Distributed autonomous assembly of general two (2D) and three dimensional (3D) structures is a complex task requiring robots to have the ability to: 1) sense and manipulate assembly components; 2) interact with the desired structure at all stages of the assembly process; 3) satisfy a variety of precedence constraints to ensure assembly correctness; and 4) ensure the stability and structural integrity of the desired structure throughout the assembly process. While the distributed assembly problem represents a class of tightly-coupled tasks that is of much interest in multi-robot systems, it is also highly relevant to the development of next generation intelligent, flexible, and adaptive manufacturing and automation. In this work, we address the assembly of a three dimensional structures by a team of robots. Specifically, we address the challenges of partitioning a complex assembly task into N loosely coupled tasks each executed by a single robot. Furthermore, we have developed online sensing capabilities that enable the team to determine the state of the structure during assembly to allow for the identification and correction of assembly errors.


Autonomous Assembly

Two mobile manipulators assembling a 3-D structure. A planning algorithm partitions the assembly task into N subcomponents that can be executed by individual robots with minimal communication with other robots. See IROS 2011 paper for details.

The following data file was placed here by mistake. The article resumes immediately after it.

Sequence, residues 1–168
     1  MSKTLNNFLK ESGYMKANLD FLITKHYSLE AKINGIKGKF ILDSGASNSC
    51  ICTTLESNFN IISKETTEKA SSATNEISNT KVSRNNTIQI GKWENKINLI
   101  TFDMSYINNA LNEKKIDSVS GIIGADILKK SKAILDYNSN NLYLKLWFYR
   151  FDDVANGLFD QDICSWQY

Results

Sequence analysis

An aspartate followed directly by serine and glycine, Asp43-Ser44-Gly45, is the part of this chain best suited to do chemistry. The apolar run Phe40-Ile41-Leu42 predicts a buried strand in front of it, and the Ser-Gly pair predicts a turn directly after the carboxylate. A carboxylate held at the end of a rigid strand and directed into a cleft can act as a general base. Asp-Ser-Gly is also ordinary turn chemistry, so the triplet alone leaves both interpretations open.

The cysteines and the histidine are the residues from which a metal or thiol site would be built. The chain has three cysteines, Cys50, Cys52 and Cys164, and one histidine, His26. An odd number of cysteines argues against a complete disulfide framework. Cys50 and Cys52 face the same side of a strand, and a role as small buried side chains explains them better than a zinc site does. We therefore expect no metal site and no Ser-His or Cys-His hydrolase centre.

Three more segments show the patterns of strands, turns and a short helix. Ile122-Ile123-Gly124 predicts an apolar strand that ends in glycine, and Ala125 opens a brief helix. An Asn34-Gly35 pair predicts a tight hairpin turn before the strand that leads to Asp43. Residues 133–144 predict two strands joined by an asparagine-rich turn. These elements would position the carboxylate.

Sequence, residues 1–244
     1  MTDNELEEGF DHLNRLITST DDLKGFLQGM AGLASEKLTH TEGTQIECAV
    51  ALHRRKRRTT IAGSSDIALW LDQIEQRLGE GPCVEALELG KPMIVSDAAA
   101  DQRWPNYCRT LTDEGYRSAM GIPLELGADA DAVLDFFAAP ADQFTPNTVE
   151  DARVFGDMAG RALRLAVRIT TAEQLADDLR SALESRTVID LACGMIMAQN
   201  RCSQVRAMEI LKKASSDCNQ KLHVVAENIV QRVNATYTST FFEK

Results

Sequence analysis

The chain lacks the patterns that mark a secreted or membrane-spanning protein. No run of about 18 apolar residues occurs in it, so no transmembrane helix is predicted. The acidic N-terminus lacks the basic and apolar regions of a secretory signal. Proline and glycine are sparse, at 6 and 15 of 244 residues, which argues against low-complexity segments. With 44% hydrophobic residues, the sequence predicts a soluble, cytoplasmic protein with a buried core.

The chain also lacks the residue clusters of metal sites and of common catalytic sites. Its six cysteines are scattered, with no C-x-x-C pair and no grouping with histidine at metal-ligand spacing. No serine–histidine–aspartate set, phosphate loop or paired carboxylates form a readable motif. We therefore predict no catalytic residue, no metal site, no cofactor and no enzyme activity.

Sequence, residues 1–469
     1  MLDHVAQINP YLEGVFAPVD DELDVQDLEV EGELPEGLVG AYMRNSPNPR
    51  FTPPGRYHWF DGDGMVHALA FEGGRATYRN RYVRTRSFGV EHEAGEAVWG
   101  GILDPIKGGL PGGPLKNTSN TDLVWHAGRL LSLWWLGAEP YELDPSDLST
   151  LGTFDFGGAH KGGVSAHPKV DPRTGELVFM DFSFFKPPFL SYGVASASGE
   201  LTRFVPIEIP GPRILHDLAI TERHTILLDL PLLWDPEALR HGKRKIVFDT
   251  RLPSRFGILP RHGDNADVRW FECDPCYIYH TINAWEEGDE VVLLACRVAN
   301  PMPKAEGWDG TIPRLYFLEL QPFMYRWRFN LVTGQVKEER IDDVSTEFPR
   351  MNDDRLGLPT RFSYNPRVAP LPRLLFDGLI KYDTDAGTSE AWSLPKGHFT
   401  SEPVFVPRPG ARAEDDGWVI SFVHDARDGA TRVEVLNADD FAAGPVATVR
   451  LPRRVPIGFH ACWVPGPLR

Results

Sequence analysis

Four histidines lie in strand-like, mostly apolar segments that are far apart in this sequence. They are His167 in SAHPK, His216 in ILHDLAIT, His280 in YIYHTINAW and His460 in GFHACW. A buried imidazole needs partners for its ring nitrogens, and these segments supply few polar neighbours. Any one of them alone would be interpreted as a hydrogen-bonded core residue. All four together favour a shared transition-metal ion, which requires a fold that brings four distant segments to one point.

Robotic assembly of Lincoln-log styled parts.

Municipal Park in Belo Horizonte, Brazil by James Milligan

Multi-Robot Systems for Large Scale Cooperative Tasks

This project provided undergraduate and graduate students a unique opportunity to work with an interdisciplinary and international team of researchers on the design and control of multi-agent robotic systems. The technical focus of the collaboration was centered around the design of robust multi-robot coordination strategies for execution of large scale cooperative tasks. Advances in embedded processor and sensor technology in the last thirty years have accelerate the demand for teams of robots in various application domains. Multi-agent robotic systems are particularly well-suited to execute tasks that cover wide geographic ranges, require significant parallelization, and/or depend capabilities that are varied in both quantity and difficulty. Example applications include littoral exploration and surveillance, rainforest health monitoring, autonomous transportation systems, warehouse automation, and hazardous waste clean-up.

Grant: NSF OISE 113011.

Project Alumni

Daniel Mox, B.S./M.S. 2015, Drexel University, Ph.D. student at the University of Pennsylvania
Dennis Larkin, M.S. 2015, Drexel University
Emily LeBlanc, B.S. 2014, Temple University, Ph.D. student at Drexel University
James Milligan, B.S./M.S. 2013, Drexel University, SRI